1. Chodosh et al. Efficacy of Oral Ciprofloxacin vs. Clarithromycin for Treatment of Acute Bacterial Exacerbations of Chronic Bronchitis. The Bronchitis Study Group. Clin Infect Dis 1998 Oct;27(4):730-738.

2. Destache et al. Clinical and Economic Considerations in the Treatment of Acute Exacerbations of Chronic Bronchitis. J Antimicrob Chemother 1999 Mar;43 Suppl A:107-113.

3. Hitt et al. Streamlining Antimicrobial Therapy for Lower Respiratory Tract Infections. Clin Infect Dis 1997 Feb;24 Suppl 2:S231-237.

4. Geddes et al. Levofloxacin in the Empirical Treatment of Patients With Suspected Bacteremia/Sepsis: Comparison With Imipenem/Cilastatin in an Open, Randomized Trial. J Antimicrob Chemother 1999 Dec;44(6):799-810.

5. Chodosh et al. Randomized, Double Blind Study of Ciprofloxacin and Cefuroxime Axetil for Treatment of Acute Bacterial Exacerbations of Chronic Bronchitis. The Bronchitis Study Group. Clin Infect Dis 1998 Oct;27(4):722-729.

6. Meyer RD, Finch RG. Community-Acquired Pneumonia. J Hosp Infect 1992;22 (Suppl A):51-59.

7. Bartlett JG, Mundy LM. Community-Acquired Pneumonia. N Eng J Med 1995;333:1618-1624.

8. Niederman et al. The Cost of Treating Community-Acquired Pneumonia. Clin Ther 1998;20:820-837.

9. Bartlett et al. Practice Guidelines for the Management of Community-Acquired Pneumonia in Adults. Clin Infect Dis 2000;31:347-382.

10. British Thoracic Society. Guidelines for the Management of Community-Acquired Pneumonia in Adults Admitted to Hospital. Br J Hosp Med 1993;49:346-350.

11. Centers for Disease Control and Prevention. Premature Deaths, Monthly Mortality and Monthly Physician Contacts: United States. MMWR Morb Mortal Wkly Rep 1997;46:556.

12. Fine et al. Prognosis of Patients Hospitalized With Community-Acquired Pneumonia. Am J Med 1990;88:1N-8N.

13. Fang et al. New and Emerging Etiologies for Community-Acquired Pneumonia With Implications for Therapy: A Prospective Multicenter Study of 359 Cases. Medicine (Baltimore) 1990;69:307-316.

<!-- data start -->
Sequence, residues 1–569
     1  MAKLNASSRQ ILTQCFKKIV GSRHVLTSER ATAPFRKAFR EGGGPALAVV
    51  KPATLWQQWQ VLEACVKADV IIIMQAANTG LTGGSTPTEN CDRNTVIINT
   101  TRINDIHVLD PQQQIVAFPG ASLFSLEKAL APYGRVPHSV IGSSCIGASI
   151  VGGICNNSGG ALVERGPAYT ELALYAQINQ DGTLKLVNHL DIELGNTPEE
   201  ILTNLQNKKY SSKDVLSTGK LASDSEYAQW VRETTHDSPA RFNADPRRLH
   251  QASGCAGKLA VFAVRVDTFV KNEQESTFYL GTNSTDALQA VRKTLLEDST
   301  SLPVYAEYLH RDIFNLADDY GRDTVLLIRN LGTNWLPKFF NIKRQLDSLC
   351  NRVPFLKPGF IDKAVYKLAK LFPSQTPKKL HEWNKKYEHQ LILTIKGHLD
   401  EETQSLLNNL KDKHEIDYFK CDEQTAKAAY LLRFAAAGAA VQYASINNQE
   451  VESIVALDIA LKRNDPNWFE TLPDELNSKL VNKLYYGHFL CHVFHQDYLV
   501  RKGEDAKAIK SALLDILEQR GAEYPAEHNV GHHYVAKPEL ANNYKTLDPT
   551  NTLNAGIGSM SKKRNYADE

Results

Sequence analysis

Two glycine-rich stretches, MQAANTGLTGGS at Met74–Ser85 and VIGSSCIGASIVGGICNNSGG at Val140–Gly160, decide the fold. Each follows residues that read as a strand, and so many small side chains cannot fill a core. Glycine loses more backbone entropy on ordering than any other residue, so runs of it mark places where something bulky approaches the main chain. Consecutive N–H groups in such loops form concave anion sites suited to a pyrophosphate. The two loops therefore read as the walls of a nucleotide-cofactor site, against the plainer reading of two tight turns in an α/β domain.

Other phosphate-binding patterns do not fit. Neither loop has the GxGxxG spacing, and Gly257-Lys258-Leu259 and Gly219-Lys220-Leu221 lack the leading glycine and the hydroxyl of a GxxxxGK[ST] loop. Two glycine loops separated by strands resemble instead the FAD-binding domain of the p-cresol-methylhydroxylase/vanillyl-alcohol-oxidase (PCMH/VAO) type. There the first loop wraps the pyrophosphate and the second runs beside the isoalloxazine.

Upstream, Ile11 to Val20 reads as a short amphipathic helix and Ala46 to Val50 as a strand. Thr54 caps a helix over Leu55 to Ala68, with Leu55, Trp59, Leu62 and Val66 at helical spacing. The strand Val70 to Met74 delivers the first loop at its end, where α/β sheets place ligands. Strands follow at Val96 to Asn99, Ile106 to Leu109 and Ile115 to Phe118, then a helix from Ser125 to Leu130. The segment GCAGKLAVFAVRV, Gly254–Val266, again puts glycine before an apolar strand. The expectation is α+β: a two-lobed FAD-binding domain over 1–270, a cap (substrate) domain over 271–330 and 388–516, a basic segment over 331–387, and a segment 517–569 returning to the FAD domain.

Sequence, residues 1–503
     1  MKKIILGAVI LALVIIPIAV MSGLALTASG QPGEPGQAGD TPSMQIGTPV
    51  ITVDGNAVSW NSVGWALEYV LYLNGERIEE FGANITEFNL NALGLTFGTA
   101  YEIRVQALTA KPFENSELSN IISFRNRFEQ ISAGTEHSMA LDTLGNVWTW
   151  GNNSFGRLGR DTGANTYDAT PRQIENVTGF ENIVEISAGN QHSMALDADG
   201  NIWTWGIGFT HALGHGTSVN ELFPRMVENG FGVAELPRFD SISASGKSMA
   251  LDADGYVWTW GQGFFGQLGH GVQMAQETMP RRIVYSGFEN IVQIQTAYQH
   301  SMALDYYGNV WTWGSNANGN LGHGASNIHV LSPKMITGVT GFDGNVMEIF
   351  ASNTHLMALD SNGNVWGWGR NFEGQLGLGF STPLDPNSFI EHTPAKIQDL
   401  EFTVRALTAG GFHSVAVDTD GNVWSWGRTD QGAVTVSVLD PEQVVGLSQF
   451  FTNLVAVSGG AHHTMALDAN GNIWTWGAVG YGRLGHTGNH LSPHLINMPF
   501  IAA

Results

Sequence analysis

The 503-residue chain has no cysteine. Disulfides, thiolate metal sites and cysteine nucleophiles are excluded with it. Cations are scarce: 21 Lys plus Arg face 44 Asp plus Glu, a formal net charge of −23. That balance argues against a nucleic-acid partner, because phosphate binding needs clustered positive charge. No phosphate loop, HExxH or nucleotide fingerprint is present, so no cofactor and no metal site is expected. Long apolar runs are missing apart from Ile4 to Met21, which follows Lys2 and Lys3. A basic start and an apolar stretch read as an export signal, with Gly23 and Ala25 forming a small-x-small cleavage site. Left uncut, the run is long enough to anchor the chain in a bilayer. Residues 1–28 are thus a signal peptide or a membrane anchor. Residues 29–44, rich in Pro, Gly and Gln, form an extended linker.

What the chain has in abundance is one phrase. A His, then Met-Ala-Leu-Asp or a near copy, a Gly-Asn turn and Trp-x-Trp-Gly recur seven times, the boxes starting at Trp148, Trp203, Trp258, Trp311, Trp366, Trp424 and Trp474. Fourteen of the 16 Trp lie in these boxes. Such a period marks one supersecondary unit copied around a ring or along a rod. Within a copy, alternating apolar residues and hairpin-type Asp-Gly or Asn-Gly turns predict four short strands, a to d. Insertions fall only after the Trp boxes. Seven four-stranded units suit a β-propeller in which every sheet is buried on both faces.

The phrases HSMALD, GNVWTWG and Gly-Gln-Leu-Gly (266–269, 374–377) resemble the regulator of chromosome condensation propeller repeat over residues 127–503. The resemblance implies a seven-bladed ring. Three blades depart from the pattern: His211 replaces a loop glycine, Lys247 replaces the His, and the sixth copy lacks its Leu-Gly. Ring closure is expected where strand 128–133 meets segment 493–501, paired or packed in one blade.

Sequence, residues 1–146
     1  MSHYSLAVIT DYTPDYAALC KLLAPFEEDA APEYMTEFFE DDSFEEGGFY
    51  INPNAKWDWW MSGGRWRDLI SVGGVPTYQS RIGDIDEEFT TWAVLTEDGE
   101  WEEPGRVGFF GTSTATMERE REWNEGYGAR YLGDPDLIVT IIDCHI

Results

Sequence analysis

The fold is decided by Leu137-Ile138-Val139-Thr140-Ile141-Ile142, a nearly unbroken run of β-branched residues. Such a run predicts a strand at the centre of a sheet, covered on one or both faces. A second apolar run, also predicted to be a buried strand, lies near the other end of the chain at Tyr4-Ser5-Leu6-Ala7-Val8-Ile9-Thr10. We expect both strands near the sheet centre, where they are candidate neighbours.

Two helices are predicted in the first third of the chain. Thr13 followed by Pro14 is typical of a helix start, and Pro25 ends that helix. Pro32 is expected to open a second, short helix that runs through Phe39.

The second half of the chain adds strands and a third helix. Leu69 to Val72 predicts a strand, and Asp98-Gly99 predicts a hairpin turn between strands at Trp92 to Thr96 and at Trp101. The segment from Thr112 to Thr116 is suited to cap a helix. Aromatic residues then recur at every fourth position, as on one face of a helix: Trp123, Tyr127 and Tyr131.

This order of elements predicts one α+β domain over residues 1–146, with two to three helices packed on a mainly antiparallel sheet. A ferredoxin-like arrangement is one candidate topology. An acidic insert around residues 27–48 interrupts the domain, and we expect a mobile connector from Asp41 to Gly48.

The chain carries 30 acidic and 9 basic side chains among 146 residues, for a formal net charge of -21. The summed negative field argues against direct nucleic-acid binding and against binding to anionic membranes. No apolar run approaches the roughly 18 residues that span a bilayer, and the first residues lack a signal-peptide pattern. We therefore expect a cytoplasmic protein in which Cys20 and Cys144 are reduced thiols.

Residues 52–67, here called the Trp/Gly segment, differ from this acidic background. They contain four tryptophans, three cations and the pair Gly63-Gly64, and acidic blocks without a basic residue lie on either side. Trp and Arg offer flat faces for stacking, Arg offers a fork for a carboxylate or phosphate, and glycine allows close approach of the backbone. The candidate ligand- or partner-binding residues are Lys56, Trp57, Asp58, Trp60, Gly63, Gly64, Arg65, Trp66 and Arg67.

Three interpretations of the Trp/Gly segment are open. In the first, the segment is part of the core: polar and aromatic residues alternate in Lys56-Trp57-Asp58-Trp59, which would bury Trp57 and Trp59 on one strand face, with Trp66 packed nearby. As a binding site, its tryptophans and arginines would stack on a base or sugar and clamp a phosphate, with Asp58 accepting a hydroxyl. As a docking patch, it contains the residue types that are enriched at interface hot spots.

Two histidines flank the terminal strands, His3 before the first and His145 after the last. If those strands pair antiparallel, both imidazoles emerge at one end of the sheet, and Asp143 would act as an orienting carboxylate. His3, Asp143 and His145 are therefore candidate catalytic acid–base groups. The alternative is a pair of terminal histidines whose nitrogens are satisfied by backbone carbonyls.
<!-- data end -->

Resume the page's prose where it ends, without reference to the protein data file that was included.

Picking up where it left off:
14. Mundy et al. Community-Acquired Pneumonia: Impact of Immune Status. Am J Respir Crit Care Med 1995;152:1309-1315.

15. Lieberman et al. Multiple Pathogens in Adult Patients Admitted With Community-Acquired Pneumonia: A One-Year Prospective Study of 346 Consecutive Patients. Thorax 1996 Feb;51(2):179-184.

16. American Thoracic Society. Guidelines for the Management of Adults With Community-Acquired Pneumonia. Diagnosis, Assessment of Severity, Antimicrobial Therapy, and Prevention. Executive Summary. Am J Respir Crit Care Med 2001;Vol.163:1730-1754.

17. Chen et al. Decreased Susceptibility of Streptococcus Pneumoniae to Fluoroquinolones in Canada. N Engl J Med 1999;341:233-239.

18. Lode et al. Comparative Efficacy of Oral Gemifloxacin (GEMI) and Intravenous Ceftriaxone (CTX) Followed by Oral Cefuroxime (CFU) (+/- Macrolide) in the Treatment of Community-Acquired Pneumonia. Presented at the 67th Annual Scientific Assembly of the American College of Chest Physicians, Philadelphia, PA. November 4-8, 2001.

19. American Thoracic Society: Standards for the Diagnosis and Care of Patients With Chronic Obstructive Pulmonary Disease. Am J Resp Crit Care Med 1995;152:S77-121.

20. Anthonisen et al. Antibiotic Therapy in Exacerbation of Chronic Obstructive Pulmonary Disease. Ann Intern Med 1987;106:196-204.

21. Ball P, Make B. Acute Exacerbation of Chronic Bronchitis: An International Comparison. Chest 1998;113 (Suppl.):199S-204S.

22. Wilson et al. Efficacy of Once-Daily Gemifloxacin for 5 Days Compared With Twice-Daily Clarithromycin for 7 Days in the Treatment of AECB. Presented at the 7th International Symposium on New Quinolones, Edinburgh, Scotland, UK, June 10-12, 2001. Abstract 116.

23. Wilson et al. Gemifloxacin Long-Term Outcomes in Bronchitis Exacerbations (GLOBE) Study - An Assessment of Health Outcome Benefits in AECB Patients Following 5 Days' Gemifloxacin (GEMI) Therapy. Presented at the 7th International Symposium on New Quinolones, Edinburgh, Scotland, UK, June 10-12, 2001. Abstract 108.

24. Halpern et al. Cost-Effectiveness of Gemifloxacin Versus Clarithromycin to Treat AECB: The GLOBE Study. Presented at the 7th International Symposium on New Quinolones, Edinburgh, Scotland, UK, June 10-12, 2001. Abstract 107.

25. Jones et al. Greater Improvement in Health Status of Smokers and Ex-Smokers Treated for AECB With Gemifloxacin Versus Clarithromycin: The GLOBE Study. Presented at the 7th International Symposium on New Quinolones, Edinburgh, Scotland, UK, June 10-12, 2001. Abstract 106.

26. Jones et al. A Self-Complete Measure of Health Status for Chronic Airflow Limitation. The St. George's Respiratory Questionnaire. Am Rev Respir Dis 1992;145:1321-1327.

27. Jones et al. The St. George's Respiratory Questionnaire. Respir Med 1991;85 (Suppl. B):25-31.